Car eventually wound up in hands of high school teacher, counselor
Bing eventually decided to trade his 1956 Bel Air for a 1958 Chevrolet Impala.
“Jack Cosgrove was a big influence on my decisions for some reason,” Bing said with a laugh. “When I came out of the Army, Jack traded his black two-door Bel-Air hardtop, just like mine, for a ‘58 Impala with 348 cubic inch tri-carbureted V-8 stick shift engine. When I saw what Jack did, I thought I’d like to have one like that. So I did.
“(The Impala) would do 60 in first gear and 102 in second gear, and then you’d slap that baby down in third gear, and it would do 120.”
Bing traded the Bel Air back to Martin Chevrolet. He later learned the car eventually was owned by two local men before it was eventually sold in 1961 to 18-year-old Bob Siebers, who later became a longtime coach, teacher and guidance counselor in the Quincy School District. Bing and Siebers eventually drove motorcycles together.
“I had seen it in his dad’s garage on 13th and Jefferson,” Bing said. “His dad kept the car all covered up and never drove it. One day I went to his house, knocked on the door and said I was the original owner of his ‘56 Chevrolet. I asked if it would be possible just to see it. He took me over and showed it to me, and I thanked him.
“It was as close as I got to the car.”
‘Man, if I could just get that car’
Siebers died in June 2014, and in his obituary, the family said one of his favorite pastimes was “cruising in his ’56 Chevy while listening to old rock ‘n roll.”
His son, Scott, kept the Bel Air. However, he contacted Vic on Facebook in April to ask if he would be interested in buying the car.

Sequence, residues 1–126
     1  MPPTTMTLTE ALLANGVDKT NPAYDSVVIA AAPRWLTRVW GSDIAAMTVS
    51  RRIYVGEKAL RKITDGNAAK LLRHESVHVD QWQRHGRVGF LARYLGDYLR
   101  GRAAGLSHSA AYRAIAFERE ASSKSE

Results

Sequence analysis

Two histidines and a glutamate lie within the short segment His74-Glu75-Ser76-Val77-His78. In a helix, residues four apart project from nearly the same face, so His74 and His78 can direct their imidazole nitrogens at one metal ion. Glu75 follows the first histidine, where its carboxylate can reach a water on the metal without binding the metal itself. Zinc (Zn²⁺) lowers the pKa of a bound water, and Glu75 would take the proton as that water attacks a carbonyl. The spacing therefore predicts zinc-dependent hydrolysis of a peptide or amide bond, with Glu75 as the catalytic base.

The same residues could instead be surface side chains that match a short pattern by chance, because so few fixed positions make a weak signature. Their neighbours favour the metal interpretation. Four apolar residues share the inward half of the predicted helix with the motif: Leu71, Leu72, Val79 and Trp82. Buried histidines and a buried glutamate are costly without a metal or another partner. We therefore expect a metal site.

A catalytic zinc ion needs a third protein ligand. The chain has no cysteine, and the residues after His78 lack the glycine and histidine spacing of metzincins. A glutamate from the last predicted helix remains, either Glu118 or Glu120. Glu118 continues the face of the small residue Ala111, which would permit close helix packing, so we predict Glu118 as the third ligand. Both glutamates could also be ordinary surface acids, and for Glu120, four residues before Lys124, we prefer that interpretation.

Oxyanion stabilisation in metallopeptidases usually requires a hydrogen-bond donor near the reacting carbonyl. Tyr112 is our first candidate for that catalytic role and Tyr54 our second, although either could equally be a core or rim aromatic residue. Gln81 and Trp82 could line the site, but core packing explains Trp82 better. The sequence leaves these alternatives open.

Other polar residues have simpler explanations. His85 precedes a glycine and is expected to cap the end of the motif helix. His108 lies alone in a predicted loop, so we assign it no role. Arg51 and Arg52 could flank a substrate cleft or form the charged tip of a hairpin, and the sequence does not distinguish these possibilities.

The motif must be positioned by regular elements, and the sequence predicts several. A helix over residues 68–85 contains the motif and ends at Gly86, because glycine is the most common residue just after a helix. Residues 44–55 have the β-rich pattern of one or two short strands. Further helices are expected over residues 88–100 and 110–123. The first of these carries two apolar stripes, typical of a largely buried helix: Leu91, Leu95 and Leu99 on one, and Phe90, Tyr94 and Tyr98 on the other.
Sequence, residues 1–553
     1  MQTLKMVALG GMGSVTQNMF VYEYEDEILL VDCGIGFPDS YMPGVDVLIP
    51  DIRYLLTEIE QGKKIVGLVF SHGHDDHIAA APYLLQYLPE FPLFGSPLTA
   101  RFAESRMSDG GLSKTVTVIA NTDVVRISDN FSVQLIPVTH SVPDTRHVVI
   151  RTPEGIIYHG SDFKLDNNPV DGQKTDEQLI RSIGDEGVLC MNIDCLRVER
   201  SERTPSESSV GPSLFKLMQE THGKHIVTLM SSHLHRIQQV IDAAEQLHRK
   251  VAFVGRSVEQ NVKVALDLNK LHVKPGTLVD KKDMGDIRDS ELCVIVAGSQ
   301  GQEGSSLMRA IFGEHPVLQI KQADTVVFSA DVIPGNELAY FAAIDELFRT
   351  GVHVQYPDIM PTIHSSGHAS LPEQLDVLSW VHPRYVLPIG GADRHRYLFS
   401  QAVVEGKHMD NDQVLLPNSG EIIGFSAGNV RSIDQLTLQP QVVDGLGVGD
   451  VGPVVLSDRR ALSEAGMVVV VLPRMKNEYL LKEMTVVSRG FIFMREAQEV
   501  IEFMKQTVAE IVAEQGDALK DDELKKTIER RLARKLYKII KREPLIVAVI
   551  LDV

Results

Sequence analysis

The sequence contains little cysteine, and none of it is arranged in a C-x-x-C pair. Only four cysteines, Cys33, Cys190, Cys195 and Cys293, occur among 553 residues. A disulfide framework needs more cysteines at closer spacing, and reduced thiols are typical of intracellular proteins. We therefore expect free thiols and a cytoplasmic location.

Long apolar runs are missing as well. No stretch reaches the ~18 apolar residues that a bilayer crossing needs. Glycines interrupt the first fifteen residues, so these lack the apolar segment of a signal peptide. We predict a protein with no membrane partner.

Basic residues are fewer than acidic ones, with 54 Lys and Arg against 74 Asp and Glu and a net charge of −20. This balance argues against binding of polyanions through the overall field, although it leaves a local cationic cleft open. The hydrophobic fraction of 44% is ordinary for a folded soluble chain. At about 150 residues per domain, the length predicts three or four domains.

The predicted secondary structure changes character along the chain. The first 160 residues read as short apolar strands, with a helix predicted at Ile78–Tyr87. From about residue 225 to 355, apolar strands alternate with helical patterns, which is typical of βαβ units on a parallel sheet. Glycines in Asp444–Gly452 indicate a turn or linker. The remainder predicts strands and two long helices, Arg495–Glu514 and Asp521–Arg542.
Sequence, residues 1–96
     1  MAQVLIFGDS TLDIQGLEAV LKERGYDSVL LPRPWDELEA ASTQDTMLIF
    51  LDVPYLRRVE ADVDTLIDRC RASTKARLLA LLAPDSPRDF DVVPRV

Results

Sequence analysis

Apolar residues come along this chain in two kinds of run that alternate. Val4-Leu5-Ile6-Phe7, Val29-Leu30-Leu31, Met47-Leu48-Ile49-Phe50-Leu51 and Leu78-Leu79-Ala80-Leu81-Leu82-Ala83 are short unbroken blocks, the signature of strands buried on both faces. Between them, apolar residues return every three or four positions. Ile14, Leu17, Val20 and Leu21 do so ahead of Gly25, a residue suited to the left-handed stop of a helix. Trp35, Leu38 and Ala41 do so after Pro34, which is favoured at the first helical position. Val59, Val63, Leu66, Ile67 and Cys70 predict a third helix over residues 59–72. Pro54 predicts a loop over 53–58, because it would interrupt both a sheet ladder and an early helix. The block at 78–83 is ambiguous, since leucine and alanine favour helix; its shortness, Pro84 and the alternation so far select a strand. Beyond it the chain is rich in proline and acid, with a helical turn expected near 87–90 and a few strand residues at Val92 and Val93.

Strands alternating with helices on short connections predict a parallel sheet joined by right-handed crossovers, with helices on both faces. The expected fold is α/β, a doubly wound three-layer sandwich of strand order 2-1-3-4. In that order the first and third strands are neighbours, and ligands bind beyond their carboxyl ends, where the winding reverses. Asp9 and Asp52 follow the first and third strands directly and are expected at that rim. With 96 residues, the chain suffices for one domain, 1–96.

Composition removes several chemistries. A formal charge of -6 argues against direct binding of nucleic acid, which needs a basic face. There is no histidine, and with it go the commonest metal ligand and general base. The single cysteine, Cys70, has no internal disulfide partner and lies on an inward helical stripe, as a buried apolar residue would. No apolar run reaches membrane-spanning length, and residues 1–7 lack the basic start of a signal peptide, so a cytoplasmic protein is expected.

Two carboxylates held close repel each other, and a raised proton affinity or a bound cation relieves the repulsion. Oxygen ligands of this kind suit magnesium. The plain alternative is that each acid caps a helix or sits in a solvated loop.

“His mom said, ‘You might want to check with Bing or Vic Welper, because they have something to do with that car,’” Vic said.
Vic hadn’t forgotten his dad’s stories.
“Here’s this pristine ’56 Chevy sitting in a garage, not being used,” Vic said. “When I was 18, I would go by the garage, look through the window and just drool about it. I’d think, ‘Man, if I could just get that car.’ I would have ruined it as a teenager for sure.”
Car now back in the family
He bought the car from Scott Siebers and drove to St. Louis with his sons to pick it up in early June. The car was still in immaculate condition, with power brakes, power steering, a new engine and mint green upholstery (replacing the original white) added in 2008.
“We drove it home on a hot summer day with no air conditioning and the windows down,” Vic said. “It was a fun day.”
Which led to an unforgettable moment for his dad.
“It was my first new car, and that was a very special car to me,” Bing said. “It’s Vic’s car now. It sits in his garage, but I tell him that I’ve only got two cars in my garage, so he can always keep it at my house.
“I’ve had a couple of chances to drive it, and it’s beautiful. Just beautiful. I was surprised I was still able to drive a stick shift. We all wanted stick shifts back then because they were faster. It’s still a nice, smooth car.”
And it’s back in the family.
“I knew if I passed on not buying that car, I’d never forgive myself,” Vic said.